(Over at the Writing Blog, I discuss the basics of what I call space ecology.)
Or Fantastic 4, as its title is usually rendered in its graphics.
I've actually had a DVD of this movie lying around for ages (since shortly after it came out), but every time I suggested to my sister that we ought to watch it, she would mumble vaguely about how the Fantastic Four have always failed to really interest her.
She enjoyed it anyway, though she had complaints. The same is true of myself.
It always bothers me when adaptations radically depart from the original form of a character for no good reason, and on casual inspection, one could interpret some of the changes they made to the characters in this movie as unnecessary changes.
I'll never, for instance, be able to think of "Von Doom" as he appeared in this film as being Doctor Victor von Doom, mostly because he totally fails to be Victor von Doom. But that isn't to say that he's a bad character as such.
It was pretty stupid for Doom to gain his powers from the same source as the Fantastic Four, especially since, in the comic books and every other adaptation, Doctor Doom had no powers (unless you count his magical abilities, which is not considered to be a "power" as such in the comics, merely utilization of training), just sweet armor and lots of gadgets. It made for cool fight scenes and tension building, sure, but that slick, yuppie-like CEO made an utterly unconvincing crazed megalomaniac. (A megalomaniac, sure, but tame by comic book standards.)
No, what worked about Doom is that his motivations for hating the accursed Reed Richards was sensible (well, not "sensible," I suppose-logical, then), rather than merely a combination of misplaced blame for the damage to his face and fury about their college rivalry and being unable to accept that maybe Reed Richards is smarter than he is.
(Momentary aside: I tend to think that Doctor Doom is at least a bit smarter than Reed Richards. Why? Reed Richards is clearly the superior in a number of specific fields, but Doctor Doom at least rivals him in most of those fields, outclasses him in at least a few more [has Reed Richards ever invented a time machine, and if so, how long after Doctor Doom did the same was it?], and further has his skills and knowledge in magical, economic, political, and social endeavors, all areas in which Reed Richards sorely lacks. [In fact, even by comic book polymath standards, Doctor Doom is extravagantly polymathic.] So Doom ranting and raving and being insecure? Pretty stupid on his part. Which is actually kind of believable, because many very smart people are also total morons in some respect.)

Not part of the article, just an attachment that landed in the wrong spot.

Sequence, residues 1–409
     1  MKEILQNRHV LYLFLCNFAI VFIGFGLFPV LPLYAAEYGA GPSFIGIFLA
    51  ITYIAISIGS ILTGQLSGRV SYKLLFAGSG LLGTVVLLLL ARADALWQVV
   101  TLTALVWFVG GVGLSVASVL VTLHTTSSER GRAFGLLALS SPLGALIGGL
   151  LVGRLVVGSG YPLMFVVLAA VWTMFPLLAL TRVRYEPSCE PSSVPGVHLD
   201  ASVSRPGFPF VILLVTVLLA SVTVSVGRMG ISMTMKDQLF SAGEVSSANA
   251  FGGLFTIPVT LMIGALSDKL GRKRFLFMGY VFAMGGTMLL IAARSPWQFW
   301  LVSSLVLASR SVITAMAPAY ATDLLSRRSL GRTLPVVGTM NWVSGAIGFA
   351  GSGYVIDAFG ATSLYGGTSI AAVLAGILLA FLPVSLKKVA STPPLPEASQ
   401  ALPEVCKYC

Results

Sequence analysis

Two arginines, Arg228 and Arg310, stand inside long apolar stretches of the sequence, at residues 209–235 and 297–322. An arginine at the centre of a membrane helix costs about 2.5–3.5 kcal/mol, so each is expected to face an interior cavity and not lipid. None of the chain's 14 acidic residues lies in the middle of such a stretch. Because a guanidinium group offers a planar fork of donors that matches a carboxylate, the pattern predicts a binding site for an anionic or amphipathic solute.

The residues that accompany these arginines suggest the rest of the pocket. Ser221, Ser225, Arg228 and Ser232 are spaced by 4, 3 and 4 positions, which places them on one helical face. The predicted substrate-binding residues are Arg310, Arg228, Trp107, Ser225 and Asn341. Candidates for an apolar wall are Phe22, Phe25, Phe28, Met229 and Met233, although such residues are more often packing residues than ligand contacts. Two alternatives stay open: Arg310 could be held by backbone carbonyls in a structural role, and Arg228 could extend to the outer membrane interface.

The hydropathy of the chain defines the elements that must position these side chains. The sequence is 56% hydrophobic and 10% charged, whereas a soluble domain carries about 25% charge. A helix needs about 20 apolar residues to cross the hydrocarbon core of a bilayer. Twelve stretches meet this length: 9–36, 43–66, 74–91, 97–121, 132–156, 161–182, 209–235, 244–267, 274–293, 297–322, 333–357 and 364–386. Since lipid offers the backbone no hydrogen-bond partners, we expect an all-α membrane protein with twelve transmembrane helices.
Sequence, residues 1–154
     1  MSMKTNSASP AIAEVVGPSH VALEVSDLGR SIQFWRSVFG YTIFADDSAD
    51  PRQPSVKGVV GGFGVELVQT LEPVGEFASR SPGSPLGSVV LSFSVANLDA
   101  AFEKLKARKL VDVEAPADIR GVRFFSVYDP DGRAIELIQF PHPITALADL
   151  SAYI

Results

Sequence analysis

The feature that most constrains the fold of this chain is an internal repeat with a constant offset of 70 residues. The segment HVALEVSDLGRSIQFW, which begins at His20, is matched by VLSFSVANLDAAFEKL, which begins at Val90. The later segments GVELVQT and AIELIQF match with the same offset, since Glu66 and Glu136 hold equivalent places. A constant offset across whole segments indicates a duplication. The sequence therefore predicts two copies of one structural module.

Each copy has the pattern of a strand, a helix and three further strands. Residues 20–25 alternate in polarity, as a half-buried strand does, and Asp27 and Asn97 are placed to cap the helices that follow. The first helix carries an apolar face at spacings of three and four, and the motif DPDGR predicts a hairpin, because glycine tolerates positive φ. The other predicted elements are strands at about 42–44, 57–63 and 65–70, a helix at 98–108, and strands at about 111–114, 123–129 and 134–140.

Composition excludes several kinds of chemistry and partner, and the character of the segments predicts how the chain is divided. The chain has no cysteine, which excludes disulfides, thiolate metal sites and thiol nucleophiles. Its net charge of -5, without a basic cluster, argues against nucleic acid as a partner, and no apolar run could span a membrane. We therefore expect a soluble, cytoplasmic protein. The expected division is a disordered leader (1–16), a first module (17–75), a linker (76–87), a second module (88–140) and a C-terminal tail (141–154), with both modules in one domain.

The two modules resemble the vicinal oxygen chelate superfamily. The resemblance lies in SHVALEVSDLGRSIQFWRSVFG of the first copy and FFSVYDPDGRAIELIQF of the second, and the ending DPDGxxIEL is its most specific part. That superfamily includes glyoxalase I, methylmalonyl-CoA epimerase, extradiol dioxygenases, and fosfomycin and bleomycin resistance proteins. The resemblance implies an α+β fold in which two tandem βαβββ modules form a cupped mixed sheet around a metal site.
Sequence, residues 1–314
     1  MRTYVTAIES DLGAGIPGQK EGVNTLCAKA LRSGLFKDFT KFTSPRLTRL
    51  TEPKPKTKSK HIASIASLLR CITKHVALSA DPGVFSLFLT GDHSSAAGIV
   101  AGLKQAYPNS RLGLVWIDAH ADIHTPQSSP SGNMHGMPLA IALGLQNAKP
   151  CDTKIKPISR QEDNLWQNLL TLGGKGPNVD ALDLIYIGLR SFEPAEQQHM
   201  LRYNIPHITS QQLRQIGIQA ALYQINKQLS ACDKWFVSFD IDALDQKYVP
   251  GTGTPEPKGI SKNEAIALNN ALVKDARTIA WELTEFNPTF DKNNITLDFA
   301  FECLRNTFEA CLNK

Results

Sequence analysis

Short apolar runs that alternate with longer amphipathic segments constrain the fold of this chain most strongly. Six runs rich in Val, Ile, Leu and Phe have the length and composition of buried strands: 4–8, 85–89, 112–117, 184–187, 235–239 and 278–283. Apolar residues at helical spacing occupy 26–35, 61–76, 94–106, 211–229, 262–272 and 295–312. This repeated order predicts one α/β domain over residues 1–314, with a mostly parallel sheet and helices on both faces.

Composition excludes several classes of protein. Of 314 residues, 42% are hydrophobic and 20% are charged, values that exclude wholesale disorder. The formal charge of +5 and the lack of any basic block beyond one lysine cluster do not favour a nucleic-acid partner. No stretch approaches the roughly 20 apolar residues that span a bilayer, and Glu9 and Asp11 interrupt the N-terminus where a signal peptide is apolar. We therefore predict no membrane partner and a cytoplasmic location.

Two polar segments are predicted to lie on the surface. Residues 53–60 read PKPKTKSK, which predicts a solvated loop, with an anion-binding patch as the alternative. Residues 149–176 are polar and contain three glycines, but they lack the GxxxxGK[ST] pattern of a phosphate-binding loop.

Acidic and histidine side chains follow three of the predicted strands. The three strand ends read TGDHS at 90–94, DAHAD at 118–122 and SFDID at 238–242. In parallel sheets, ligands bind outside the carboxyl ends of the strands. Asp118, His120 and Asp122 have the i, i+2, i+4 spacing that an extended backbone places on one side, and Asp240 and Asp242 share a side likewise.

A bit more intricate and interesting were the changes they made to Ben Grimm.
On the one hand, I can see why they didn't go with the comic book incarnation. In case you're not adequately familiar with that version, Ben Grimm is not in fact a middle-aged, overweight, implicitly past his prime astronaut... he's a young, handsome, athletic jet jockey turned astronaut. He played football and had nice hair.
So in the comics, his transformation into the Thing was traumatic because he had a great, wonderful life-he was attractive, skilled, and probably quite well-paid. Then, he went to massive, frightening, clumsy, and probably fairly difficult to place in a job, not to mention bald.
Hollywood being what it is, they didn't want to hide a handsome movie star behind the Thing suit. They like their actors' faces being on screen, hence many comic book adaptations trying to dispense with masked costumes. So they chose a dumpy bald guy to play him, figuring that said actor would not object to mostly being a voice actor.
(A bit of a shame, too-the dude's a pretty good actor, really. Possibly my favorite non-action/crazy comic book stuff scene in the movie was when he started to go on his spacewalk, and as the airlock opens into space, he gives one of the deepest smiles I've ever seen on a human being. His smile covered his whole face without being bizarre. That's talent, man.)
Not only that, but lots of people would be at least somewhat unsympathetic to an extremely successful, handsome man who was suddenly transformed into a bizarre-looking indestructible being. Lots of people would have seen it as whiny that he was that upset over it, taking him as rather self-centered.
Which would be why they gave him a wife who loved him, but couldn't handle him being a Thing. Being upset that your spouse left you over something you couldn't control, something that wasn't even necessarily that bad? That's something most people will have some sympathy for.
Of course, it's one of the things about the film that most stuck in my sister's craw, and one of the things that has always bothered her about the Fantastic Four: "What, only blind women can appreciate an ugly guy? WHAT? Also, the Thing wasn't Jewish enough." (In case you're wondering at that remark, it's a reasonably well-known fact that many aspects of Ben Grimm were based on his co-creator Jack Kirby, one such feature being his Jewish faith [another being his cigar-smoking].)
Johnny Storm? Eh, he was pretty much spot on, except that he was probably a little too successful at his, erm, escapades with women. (My sister was quite loudly annoyed.) Sorry, Hollywood, but that kind of character's a huge... erm, well, they're stupid.
Also, they sure loved the fact that Johnny's and Sue's powers encouraged them to take off/destroy their clothes, didn't they?
Eh, whatever. The movie was still pretty good.